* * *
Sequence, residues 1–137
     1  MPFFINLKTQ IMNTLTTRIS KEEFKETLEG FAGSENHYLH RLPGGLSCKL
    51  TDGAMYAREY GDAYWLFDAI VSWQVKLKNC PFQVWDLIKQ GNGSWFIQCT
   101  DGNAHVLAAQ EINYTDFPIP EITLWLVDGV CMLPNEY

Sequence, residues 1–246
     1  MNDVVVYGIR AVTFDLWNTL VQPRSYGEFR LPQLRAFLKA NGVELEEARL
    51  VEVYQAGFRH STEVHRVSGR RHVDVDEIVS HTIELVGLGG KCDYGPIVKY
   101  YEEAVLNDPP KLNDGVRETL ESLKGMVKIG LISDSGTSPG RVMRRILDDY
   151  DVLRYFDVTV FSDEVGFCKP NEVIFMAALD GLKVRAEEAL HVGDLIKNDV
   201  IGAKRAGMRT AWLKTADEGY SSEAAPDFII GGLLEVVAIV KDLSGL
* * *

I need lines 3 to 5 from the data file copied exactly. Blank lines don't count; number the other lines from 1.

    51  TDGAMYAREY GDAYWLFDAI VSWQVKLKNC PFQVWDLIKQ GNGSWFIQCT
   101  DGNAHVLAAQ EINYTDFPIP EITLWLVDGV CMLPNEY

Sequence, residues 1–246